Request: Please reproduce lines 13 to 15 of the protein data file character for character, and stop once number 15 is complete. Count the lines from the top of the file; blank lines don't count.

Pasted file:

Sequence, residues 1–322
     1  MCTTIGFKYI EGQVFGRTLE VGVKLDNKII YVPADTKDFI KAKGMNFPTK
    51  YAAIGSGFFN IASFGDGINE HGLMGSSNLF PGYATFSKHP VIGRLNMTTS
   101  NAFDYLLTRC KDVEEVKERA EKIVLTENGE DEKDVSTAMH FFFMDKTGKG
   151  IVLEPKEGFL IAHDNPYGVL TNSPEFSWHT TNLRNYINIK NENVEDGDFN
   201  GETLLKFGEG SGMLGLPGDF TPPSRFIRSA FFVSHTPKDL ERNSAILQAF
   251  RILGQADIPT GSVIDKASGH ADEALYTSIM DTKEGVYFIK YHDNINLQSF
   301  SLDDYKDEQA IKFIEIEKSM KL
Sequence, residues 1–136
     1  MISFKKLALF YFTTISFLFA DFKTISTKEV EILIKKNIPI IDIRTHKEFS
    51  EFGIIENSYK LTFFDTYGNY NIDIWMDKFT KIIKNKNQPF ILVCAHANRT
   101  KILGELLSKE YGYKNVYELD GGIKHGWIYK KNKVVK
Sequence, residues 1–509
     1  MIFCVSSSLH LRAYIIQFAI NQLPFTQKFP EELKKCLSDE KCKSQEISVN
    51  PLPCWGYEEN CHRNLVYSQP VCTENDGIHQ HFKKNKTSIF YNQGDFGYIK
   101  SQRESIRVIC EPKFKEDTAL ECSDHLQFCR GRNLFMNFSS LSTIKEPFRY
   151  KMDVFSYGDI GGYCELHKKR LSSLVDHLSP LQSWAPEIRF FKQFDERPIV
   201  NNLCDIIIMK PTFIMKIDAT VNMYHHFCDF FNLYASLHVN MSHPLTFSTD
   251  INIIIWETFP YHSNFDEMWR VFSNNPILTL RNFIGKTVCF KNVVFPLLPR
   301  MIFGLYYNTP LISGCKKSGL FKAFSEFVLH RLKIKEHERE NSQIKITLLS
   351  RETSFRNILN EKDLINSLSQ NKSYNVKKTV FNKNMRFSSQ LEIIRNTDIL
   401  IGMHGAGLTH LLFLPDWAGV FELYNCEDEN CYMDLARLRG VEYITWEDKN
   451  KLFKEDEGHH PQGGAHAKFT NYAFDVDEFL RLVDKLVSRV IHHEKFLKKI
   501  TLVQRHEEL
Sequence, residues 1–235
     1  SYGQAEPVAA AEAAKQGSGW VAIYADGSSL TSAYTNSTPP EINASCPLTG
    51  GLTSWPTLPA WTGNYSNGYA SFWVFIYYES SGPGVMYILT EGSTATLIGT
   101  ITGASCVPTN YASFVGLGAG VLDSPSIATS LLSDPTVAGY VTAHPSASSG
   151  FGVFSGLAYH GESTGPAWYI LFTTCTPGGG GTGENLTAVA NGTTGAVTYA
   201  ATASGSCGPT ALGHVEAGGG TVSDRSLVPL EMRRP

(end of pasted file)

Sequence, residues 1–509
     1  MIFCVSSSLH LRAYIIQFAI NQLPFTQKFP EELKKCLSDE KCKSQEISVN
    51  PLPCWGYEEN CHRNLVYSQP VCTENDGIHQ HFKKNKTSIF YNQGDFGYIK